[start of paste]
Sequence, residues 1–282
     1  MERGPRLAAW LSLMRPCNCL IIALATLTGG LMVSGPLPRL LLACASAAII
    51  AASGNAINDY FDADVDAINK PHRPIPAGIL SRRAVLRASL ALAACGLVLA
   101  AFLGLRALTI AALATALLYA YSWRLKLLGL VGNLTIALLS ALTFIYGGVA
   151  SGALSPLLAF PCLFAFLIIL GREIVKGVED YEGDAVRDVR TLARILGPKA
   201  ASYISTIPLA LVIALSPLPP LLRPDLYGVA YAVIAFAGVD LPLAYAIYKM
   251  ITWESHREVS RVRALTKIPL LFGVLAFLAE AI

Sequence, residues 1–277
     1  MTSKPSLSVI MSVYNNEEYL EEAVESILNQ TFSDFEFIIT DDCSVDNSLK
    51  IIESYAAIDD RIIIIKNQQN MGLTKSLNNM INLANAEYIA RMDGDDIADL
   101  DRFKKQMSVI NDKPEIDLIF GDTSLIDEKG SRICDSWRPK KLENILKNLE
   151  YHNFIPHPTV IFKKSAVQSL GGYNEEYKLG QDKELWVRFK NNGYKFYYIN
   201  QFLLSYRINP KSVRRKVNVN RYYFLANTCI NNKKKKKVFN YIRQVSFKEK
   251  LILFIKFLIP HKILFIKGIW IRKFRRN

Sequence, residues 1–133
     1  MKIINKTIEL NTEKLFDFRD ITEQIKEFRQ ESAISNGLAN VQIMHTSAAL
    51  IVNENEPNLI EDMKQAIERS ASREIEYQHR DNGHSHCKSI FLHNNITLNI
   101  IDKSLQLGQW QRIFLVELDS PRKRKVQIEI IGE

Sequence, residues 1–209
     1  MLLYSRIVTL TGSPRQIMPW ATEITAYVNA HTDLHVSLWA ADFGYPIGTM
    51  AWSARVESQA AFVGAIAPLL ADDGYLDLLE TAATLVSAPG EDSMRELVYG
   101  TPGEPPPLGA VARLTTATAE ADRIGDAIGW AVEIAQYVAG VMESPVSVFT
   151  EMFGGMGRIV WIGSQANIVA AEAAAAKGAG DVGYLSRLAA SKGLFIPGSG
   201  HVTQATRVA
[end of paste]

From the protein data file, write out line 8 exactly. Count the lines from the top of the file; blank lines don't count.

Sequence, residues 1–277